Only in a property-obsessed country such as Australia could we take what should be a relatively obscure tax deduction and turn it into a ferocious moral debate.
Yet negative gearing is not evil. Nor is it an inalienable right of those doughty souls prepared to “have a go”. It is a tool designed to produce an outcome.
Working out any potential reform to negative gearing needs to abandon overheated moral posturing, and focus on what’s effective, what’s fair, and what’s practical.
To do so, we must acknowledge that Australia’s treatment of taxation on investment properties is among the most generous in the world.
Australians are entitled to borrow money to buy a property, but if the income generated by that asset does not cover the interest on the loan, they can deduct the loss against their other income.
In other words, the federal government provides us with incentive to “negatively gear”.
And we don’t need to be asked twice.
In 2010-11 there were 1.9 million property investors in Australia, and 1.26 million of them were negatively geared. This costs the government about $2.4 billion a year.
Yet this figure looks due to blow out.
Bank loans to property investors have been surging at the fastest pace since the global financial crisis and have now reached a record $475 billion.
So a 1% increase in the cost of servicing that debt would add almost $50 billion to the repayment obligations of the nation’s property investors.
For the two-thirds of properties that are negatively geared, these extra costs would need to be offset, most likely via bigger tax deductions through negative gearing. This means big extra costs for the government.
Yet cost alone cannot justify calls for negative gearing’s abolition.
Because if you listen to those representing the housing investment industry, negative gearing is critical in keeping rents down and providing much-needed relief to low-income earners.
Now, yes, it is a little hard to believe that those mounting this argument have the welfare of low-income earners as their primary concern.
But as Joseph Heller correctly noted: “Just because you’re paranoid doesn’t mean they aren’t after you.”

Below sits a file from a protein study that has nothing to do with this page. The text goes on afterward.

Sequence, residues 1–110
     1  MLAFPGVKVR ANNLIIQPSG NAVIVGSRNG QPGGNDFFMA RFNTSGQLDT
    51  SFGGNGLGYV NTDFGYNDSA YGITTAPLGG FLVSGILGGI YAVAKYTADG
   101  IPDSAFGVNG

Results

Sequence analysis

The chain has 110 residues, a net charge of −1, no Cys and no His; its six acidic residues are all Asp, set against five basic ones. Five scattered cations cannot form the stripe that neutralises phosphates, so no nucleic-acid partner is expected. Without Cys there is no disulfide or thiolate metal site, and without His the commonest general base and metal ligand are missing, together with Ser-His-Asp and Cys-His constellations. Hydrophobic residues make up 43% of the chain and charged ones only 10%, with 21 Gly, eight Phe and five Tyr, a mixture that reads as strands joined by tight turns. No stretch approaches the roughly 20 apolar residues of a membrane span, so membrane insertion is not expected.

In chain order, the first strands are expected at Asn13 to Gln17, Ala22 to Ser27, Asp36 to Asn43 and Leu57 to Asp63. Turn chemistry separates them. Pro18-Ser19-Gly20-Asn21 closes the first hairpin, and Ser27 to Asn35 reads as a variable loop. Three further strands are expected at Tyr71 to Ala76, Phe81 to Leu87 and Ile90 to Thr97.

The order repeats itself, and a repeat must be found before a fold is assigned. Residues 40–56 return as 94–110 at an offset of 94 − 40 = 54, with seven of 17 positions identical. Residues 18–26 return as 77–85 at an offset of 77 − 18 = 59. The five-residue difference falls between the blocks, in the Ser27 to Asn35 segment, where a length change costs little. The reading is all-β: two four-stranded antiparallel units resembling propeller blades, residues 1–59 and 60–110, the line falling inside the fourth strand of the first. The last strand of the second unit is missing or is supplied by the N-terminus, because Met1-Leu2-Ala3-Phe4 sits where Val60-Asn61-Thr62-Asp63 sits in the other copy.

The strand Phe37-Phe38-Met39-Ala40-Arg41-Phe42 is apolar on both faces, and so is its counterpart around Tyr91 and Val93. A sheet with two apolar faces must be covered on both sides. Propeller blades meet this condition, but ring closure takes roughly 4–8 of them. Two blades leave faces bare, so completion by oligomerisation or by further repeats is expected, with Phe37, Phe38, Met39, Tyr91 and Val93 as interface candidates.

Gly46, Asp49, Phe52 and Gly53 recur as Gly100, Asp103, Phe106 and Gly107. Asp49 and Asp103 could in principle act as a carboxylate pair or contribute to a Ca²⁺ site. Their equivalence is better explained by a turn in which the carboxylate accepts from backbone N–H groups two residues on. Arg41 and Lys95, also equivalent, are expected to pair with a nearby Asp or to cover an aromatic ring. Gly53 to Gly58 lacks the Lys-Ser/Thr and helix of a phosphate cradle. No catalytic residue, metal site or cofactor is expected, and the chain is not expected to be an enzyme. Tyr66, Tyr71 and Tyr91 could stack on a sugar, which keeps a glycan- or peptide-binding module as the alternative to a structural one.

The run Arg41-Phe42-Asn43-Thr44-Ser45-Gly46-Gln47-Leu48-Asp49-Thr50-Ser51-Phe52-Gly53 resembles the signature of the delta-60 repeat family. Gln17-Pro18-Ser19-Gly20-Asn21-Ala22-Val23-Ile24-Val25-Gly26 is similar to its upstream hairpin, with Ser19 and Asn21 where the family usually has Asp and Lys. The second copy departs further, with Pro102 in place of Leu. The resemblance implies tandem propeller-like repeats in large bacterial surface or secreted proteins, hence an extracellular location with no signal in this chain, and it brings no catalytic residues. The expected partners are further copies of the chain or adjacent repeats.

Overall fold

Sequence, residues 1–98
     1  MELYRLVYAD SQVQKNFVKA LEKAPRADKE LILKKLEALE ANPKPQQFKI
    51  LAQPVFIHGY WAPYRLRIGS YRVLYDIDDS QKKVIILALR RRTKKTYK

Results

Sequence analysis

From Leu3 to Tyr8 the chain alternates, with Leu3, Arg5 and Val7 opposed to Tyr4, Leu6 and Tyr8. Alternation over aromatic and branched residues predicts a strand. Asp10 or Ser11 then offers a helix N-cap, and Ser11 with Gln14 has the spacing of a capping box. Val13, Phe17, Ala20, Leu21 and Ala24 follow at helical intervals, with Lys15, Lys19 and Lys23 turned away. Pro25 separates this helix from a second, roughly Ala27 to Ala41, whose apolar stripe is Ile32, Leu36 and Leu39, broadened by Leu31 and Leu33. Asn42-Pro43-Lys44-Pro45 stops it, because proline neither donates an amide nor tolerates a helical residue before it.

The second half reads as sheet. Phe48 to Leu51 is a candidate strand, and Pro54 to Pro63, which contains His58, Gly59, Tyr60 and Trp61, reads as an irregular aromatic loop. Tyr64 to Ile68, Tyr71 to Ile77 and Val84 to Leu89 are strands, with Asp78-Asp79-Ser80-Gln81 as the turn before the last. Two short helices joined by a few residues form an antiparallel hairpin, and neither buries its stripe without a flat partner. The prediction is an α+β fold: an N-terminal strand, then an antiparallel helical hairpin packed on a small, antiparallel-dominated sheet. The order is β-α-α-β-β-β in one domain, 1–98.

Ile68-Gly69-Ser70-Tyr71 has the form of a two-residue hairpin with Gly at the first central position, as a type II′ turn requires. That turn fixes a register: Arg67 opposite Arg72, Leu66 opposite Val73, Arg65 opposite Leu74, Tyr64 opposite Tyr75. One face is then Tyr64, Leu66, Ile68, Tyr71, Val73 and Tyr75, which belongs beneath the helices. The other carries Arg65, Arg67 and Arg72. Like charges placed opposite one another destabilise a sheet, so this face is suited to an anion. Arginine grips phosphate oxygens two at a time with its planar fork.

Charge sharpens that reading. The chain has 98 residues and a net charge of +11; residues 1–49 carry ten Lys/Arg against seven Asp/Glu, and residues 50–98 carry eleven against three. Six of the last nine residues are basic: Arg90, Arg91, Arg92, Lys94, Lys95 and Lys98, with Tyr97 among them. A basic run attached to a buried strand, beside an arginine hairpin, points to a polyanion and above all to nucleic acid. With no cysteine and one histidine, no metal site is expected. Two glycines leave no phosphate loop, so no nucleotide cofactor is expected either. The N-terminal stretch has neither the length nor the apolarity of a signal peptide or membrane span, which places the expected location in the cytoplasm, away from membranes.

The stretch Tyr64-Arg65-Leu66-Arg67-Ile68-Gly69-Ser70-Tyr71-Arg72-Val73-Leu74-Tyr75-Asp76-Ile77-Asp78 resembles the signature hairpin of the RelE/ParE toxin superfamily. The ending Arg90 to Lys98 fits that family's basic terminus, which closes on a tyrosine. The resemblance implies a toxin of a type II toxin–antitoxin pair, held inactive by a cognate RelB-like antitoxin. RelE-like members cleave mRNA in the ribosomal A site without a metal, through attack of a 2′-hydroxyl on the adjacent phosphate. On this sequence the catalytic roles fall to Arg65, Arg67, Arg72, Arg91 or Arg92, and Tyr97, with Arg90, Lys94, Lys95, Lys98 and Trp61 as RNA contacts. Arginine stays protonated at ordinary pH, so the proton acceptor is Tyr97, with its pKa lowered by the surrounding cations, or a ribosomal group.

And just because the housing investment industry may overegg an argument to validate its self-interest, does not mean there’s not some actual validity there.
There is, in fact, economic logic to the case that negative gearing puts downward pressure on rents.
Negative gearing allows investors to absorb costs they might otherwise need to pass on into higher rents. And stimulating greater investment in the housing market should increase supply and therefore reduce rental costs.
But the question then becomes: if negative gearing achieves these things, why has its enthusiastic use not helped create a stronger supply of rental properties?
The rental vacancy rate of 3%, which economists say represents a well-balanced market, is nowhere near being met anywhere in the country, with the exception of Darwin (3.2%).
Every other Australian city has long experienced vacancy rates well below the magic number, including Sydney (1.7%), and Melbourne (2.3%).
The problem is the vast majority of the government’s tax expenditure on negative gearing goes towards existing property.
This does nothing to increase housing supply. It merely churns extra frothiness into already expensive housing stock and fundamentally undermines the goal of reducing rents.
Yet responding to this problem by calling to simply chop negative gearing altogether is not only politically naive – it’s wrong.
A generation of Australians has been encouraged by successive governments to make investments based on a bipartisan policy. To snatch the rug from under them overnight would simply not be fair.
Those who negatively gear are not rorters, or fraudsters, or even “double-dippers”. They are Australians who have obeyed the laws of the land.
Fortunately, abolishing negative gearing makes no real sense from an economic standpoint either. It is not an inherent ill, but a misdirected incentive.
The McKell Institute’s latest report examined various possible models for reform and found the most economically appealing option: allow negative gearing for properties that are currently negatively geared (“grandfathering”), but allow new negative gearing only for new construction.
Allowing negative gearing only for new construction would provide powerful incentives for increased housing supply.
This would have multiple benefits in the housing market including greater price stability, increased access for new entrants, and lower rental rates. The boost in residential construction would also help with employment, economic growth and taxation revenues.
It would also have a positive impact on the federal budget of approximately $5 billion over five years.
Politics is the art of compromise, which typically means shooting for a second-rate result with a battle-weary eye on the electorally achievable.
In this case, however, it turns out the fairest and most economically prudent path is also the most politically viable.
Richard Holden is a professor of economics at UNSW Business School. Sam Crosby is executive director of the McKell Institute. A version of this post appeared in The Sydney Morning Herald.